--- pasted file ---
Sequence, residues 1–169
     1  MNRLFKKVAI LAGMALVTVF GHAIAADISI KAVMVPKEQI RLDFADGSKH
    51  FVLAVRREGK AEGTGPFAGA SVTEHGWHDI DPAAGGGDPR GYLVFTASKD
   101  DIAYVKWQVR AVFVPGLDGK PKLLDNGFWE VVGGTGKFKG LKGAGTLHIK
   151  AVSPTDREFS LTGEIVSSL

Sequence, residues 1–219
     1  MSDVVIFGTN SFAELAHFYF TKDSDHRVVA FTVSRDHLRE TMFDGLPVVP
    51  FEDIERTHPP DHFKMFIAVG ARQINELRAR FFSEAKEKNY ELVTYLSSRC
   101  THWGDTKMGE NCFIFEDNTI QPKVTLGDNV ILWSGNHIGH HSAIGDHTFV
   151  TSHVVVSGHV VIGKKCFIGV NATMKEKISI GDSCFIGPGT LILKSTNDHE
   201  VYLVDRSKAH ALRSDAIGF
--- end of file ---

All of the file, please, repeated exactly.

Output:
Sequence, residues 1–169
     1  MNRLFKKVAI LAGMALVTVF GHAIAADISI KAVMVPKEQI RLDFADGSKH
    51  FVLAVRREGK AEGTGPFAGA SVTEHGWHDI DPAAGGGDPR GYLVFTASKD
   101  DIAYVKWQVR AVFVPGLDGK PKLLDNGFWE VVGGTGKFKG LKGAGTLHIK
   151  AVSPTDREFS LTGEIVSSL

Sequence, residues 1–219
     1  MSDVVIFGTN SFAELAHFYF TKDSDHRVVA FTVSRDHLRE TMFDGLPVVP
    51  FEDIERTHPP DHFKMFIAVG ARQINELRAR FFSEAKEKNY ELVTYLSSRC
   101  THWGDTKMGE NCFIFEDNTI QPKVTLGDNV ILWSGNHIGH HSAIGDHTFV
   151  TSHVVVSGHV VIGKKCFIGV NATMKEKISI GDSCFIGPGT LILKSTNDHE
   201  VYLVDRSKAH ALRSDAIGF